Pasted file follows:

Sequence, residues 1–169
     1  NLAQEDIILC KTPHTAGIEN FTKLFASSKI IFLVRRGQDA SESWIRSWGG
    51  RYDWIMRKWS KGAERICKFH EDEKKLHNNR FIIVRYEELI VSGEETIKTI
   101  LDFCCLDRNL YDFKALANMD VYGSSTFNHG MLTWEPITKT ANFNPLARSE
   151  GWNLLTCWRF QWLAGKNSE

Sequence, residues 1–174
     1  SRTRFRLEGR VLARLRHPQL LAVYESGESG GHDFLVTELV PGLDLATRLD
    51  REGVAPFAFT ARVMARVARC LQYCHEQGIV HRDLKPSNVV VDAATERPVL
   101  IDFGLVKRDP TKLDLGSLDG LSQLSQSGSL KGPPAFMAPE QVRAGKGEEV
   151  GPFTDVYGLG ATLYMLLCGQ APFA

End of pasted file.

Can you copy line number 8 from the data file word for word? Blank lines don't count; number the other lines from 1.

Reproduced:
    51  REGVAPFAFT ARVMARVARC LQYCHEQGIV HRDLKPSNVV VDAATERPVL